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Re: Advice?

Great advice PP! I would even accentuate the ground work more . 8-) Every thing I start has a good week or 2 just leading... this is not just getting a horse from a to b but the horse stopping when I give a vocal cue and going when I give a vocal cue. I back these up quickly with a longe whip or sharp motion on the halter to get a "military " (a NOW) reaction. Then the backing up.. and the turn on the hind quarters-all leading. All this is established before I lunge. Lunging is not and never should be just mindless circles..infact I will lunge all sorts of shape like squares- anyway, on the lunge I get them to halt and walk and halt and walk then move onto walk/trot/halt transitions etc, etc. I make sure a horse can go from canter to walk or rein back to trot etc on the lunge. I only have them stay in the one pace long enough to prepare to make the next transition-that may take a couple of steps or half a lap. I then long rein and make sure I have stop/go/turn. All this is done with clear and consistant vocal comands till the horse could ( and will! :mrgreen: ) perform it all without a physical action from me (pulling etc.) Please be careful girl, you sound like you had a rough go after wanting to ride so much!!! :love

PurplePower
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Re: Advice?

I agree with hoofpick about spending time on the ground. I prefer free lunging in a round pen to start, then mix free with restrained (on a lunge line), but without a round pen using a lunge line can be productive, especially when diversified as explained by HP. I also like to do "response drills" on the lead line (lateral flexing, back, etc.). It always intrigues me how much a horse takes from the ground drills to the riding lessons. In re-reading my first post I felt I may have left the impression that you do not stop walking until she will walk for an hour. That is a "goal". The first time she walks more the three steps with me "relaxed" I'll give the stop cue and let her relax. The I keep increasing the amount of time she must walk before getting that "reward" again. As I said, doing that kind of "step up" training builds a foundation that will still be there when you get back home after a 3 or 4 week "school break".

Krickette
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Re: Advice?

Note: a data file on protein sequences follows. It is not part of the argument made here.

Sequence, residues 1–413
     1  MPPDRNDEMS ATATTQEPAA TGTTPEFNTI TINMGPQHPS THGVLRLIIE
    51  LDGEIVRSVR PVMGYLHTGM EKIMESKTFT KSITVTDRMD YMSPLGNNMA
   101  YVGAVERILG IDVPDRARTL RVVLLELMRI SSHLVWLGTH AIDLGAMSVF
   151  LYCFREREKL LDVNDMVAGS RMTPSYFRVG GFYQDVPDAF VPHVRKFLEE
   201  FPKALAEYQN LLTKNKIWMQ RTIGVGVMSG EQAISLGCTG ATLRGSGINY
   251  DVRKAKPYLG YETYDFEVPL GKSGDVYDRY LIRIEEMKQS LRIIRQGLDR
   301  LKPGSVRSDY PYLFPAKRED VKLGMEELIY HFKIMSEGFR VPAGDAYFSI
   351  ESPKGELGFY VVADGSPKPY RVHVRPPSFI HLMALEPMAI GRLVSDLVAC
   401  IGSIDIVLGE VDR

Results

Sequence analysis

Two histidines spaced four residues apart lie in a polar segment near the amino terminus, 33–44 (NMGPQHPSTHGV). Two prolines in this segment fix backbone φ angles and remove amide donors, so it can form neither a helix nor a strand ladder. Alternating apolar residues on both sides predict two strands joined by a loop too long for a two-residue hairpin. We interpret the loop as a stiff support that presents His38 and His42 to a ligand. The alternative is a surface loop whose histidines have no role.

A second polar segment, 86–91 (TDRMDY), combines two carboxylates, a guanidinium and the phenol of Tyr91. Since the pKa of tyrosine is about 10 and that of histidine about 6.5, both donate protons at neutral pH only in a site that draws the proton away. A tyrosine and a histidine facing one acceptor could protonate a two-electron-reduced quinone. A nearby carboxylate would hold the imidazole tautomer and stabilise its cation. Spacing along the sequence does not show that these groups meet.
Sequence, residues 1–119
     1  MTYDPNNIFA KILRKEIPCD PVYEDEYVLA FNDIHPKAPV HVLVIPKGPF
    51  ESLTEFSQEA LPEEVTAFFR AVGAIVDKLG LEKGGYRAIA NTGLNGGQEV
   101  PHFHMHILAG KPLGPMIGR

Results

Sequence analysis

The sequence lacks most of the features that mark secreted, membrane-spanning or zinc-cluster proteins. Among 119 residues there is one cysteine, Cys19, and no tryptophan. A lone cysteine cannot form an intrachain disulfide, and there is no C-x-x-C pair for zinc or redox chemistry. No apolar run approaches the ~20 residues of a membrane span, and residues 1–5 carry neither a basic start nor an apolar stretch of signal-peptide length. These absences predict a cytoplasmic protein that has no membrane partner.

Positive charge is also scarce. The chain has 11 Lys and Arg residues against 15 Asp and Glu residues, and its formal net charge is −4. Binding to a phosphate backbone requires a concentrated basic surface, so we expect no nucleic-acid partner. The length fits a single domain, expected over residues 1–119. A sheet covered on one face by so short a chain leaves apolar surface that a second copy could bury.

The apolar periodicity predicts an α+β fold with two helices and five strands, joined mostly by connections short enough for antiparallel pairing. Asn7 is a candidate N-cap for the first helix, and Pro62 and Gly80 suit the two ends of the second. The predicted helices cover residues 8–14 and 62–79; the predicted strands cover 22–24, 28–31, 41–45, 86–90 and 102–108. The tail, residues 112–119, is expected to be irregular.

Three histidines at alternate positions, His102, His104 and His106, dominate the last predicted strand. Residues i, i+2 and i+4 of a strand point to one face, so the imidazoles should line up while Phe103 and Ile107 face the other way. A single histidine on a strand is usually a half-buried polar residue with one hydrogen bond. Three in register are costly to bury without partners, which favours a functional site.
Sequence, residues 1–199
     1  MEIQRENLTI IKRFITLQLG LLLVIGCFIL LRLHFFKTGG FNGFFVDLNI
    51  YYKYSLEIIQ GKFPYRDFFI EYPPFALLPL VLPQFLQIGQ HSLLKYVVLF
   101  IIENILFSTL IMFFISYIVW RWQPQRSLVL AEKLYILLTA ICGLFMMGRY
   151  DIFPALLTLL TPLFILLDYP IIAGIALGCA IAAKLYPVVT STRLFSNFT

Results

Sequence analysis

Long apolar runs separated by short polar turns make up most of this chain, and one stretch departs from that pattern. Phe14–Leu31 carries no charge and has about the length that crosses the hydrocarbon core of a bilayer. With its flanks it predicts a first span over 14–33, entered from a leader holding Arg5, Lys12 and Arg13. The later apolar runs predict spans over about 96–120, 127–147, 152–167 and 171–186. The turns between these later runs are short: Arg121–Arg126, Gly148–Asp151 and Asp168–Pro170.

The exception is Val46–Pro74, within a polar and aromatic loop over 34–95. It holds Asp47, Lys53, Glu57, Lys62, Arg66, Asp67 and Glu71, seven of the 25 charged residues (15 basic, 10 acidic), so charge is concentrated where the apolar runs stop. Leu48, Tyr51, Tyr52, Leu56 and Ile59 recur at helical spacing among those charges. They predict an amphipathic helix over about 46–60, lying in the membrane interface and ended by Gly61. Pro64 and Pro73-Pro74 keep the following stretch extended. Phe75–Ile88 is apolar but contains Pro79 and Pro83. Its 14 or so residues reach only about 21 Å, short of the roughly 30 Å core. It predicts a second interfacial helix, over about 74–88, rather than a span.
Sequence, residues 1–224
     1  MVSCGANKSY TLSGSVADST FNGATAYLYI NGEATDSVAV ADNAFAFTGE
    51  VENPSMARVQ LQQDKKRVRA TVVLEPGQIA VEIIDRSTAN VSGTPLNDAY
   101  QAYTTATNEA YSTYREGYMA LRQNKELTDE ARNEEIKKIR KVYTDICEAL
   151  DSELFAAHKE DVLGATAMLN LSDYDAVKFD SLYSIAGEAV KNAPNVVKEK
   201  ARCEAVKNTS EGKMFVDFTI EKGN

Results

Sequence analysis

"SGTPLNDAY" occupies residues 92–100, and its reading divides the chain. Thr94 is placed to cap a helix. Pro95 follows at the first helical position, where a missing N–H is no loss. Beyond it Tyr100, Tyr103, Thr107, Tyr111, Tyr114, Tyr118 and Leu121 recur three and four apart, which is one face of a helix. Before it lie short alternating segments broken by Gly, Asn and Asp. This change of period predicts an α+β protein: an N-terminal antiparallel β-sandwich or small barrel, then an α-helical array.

Thanks for all the advice! I am going to really try to work on a lot of what yall pointed out.
I just found out that my new neighbor has two nephews who are professional cutting horse trainers in east TX, but maybe they'd be willing to put 30 days on her haha. I'll have to find out if theyd charge me an arm or a leg first, but she's got to learn that just because she is bigger and stronger does not mean she is the boss. ACC saw how crazy she was getting with me in the arena when we were trying to get pics of her. And I showed my mom what you wrote Doc and she agreed. If only she didn't have a bum hip I'd make her go do it for me hahaha! I need Dad to get back in the saddle, too.

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Morgan
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Re: Advice?

I've gone through the same with all but one of my young horses, it's just that they aren't balanced or strong yet like said before :) One took a year before he would break to a fast lope and 2 years later to manage a balanced one (he was a total clutz about everything though lol) I did have one that loped balanced on her 2nd ride but she was just like some mutant ready trained filly who knew everything before I did. :lol: :hammer The rest have just taken some months to build up for it.

Jenks
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Re: Advice?

What doc is saying about consistently asking - seat, thighs, then if you have to heels? That is what my trainer has been having me do. First ask with my butt and head/body language then apply leg and then if I have to give a rein cue (and I ride in a halter with no bit on them mostly), then if I have to, heel. No matter what we are doing, after the first few escalations to the heel (which really was rare), they begin to respond to the previous aids. Backing up and going forward were first with lots of praise when they do what you ask. But it began that simple - we developed a common language - and don't get frustrated. I've never used a crop on either of my babies, and I really don't think you need one either!

I don't know much, but I do think you should have some help! That's why I got help- I got frustrated and they got confused.

pandemonium